Depending on what you are looking for in a "root" cookbook, it might behoove you to check this one out of your library before purchasing. If you are looking for general information on all the different roots, you will find it here--and beautifully pictured, too. (But can find just as much information with an internet search as you can in this book.) If a particular root caught your eye in the market, it will be in this book--represented by between 4 and 11 recipes.

There are many Asian recipes in this book. The only problem with an Asian slant to the recipes is the requirement of an Asian market in your area, and a large pantry with some empty shelves and extra refrigerator space to accommodate a bunch of new and (possibly) seldom used staples and ingredients. And, again, don't get me wrong: Trying new ingredients is a wonderful opportunity in my mind, but, then, I'm an experienced cook and I'm always actively looking for "new". My pantry is full of Asian ingredients already. The closest Asian market is about 45 miles away from my house, but I make the trip once a week.

I had much trouble locating some of these roots; some I can't find anywhere. The lotus root I can find is very expensive and usually of poor quality; (there are 8 recipes). I can't find the Andean Tubers (there are 7 recipes). I can't find arrowhead (there are 4 recipes). I can't find crosne (there are 8 recipes). I can't find malanga (there are 6 recipes). I can't find salsify and scorzonera (9 recipes). I know I can sporadically find (and pay a premium for): Horseradish (7 recipes), Jerusalem artichoke (7 recipes), parsley root (6 recipes), and wasabi (11 recipes). So, even though I live right outside of a very large city--Houston--there are 70-90 recipes in this book that are pretty much off-limits for me. Add in some other hard-to-find ingredients and the author turns "roots" into the "difficult" category.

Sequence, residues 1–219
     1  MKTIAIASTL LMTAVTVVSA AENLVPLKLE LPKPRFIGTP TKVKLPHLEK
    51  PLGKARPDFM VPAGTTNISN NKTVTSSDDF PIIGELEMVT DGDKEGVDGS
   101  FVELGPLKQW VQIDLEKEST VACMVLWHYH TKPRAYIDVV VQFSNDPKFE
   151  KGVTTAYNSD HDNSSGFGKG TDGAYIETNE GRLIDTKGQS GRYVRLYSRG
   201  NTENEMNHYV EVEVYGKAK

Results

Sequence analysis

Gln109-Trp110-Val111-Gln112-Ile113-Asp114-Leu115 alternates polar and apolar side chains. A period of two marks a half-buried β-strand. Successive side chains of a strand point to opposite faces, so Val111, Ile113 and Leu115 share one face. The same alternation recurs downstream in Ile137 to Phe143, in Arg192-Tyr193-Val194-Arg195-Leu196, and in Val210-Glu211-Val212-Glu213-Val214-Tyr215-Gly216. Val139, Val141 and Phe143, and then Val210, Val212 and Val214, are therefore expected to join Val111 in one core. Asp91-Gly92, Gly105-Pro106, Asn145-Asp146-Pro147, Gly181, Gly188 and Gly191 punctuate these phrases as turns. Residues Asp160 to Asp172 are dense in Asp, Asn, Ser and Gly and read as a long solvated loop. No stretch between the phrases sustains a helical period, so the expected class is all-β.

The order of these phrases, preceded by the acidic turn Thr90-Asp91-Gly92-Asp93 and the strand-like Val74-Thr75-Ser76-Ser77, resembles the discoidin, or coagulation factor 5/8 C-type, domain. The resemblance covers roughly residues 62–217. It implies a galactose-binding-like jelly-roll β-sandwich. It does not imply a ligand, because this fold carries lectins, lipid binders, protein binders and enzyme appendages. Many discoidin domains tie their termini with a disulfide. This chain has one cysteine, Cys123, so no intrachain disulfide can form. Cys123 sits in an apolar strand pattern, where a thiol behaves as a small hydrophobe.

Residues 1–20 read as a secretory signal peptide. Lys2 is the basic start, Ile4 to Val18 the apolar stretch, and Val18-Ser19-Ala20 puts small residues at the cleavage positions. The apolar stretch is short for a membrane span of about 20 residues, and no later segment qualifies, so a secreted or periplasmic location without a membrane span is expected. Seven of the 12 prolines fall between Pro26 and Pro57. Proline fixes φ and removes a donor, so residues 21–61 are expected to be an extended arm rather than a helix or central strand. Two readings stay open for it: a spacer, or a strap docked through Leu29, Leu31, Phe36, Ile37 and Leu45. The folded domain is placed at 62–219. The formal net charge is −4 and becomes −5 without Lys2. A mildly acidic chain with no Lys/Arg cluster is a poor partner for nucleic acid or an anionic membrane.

So, I'm still on the look-out for a great cookbook dealing with the root vegetables that are available in the Fall and Winter in the United States. Let me know if you find a book like this. And if you are looking for a great potato cookbook check out One Potato, Two Potato. It is superb, and what I consider a five-star effort.
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23 of 24 people found the following review helpful
5.0 out of 5 stars "Roots" rocks!, October 24, 2012
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This review is from: Roots: The Definitive Compendium with more than 225 Recipes (Hardcover)
I love Diane Morgan's new cookbook! I've already tried 2 new recipes and gotten to explore some foods I've never tried before. This is more than just a bunch of recipes. The author gives you a history, buying guide, and a how-to on using and preparing each root. Full color pictures help you to identify that mysterious thing in the produce section that you've always wondered about. I live with a picky eater and both of the recipes I've tried have gotten that person's seal of approval. I can't wait to try another!
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26 of 28 people found the following review helpful
5.0 out of 5 stars Beautiful!, November 3, 2012
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This review is from: Roots: The Definitive Compendium with more than 225 Recipes (Hardcover)
This is the fall cookbook I've been waiting for! I am a member of a CSA in Northern California and also get the what-the-heck-do-I-do-with-this vegetable on occasion. This book is just beautiful and answers all my questions. I was surprised at the size of the book - it was obviously no small effort to research and create. The pictures are gorgeous. It contains not just recipes, but information about each vegetable. So while I may not make Lotus Root Chips, I loved reading about them and am inspiring to search out some of the more exotic roots. I've just ordered a second one for a birthday present for a friend. Thank you!
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13 of 13 people found the following review helpful
5.0 out of 5 stars No More Guesswork, October 22, 2012
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This review is from: Roots: The Definitive Compendium with more than 225 Recipes (Hardcover)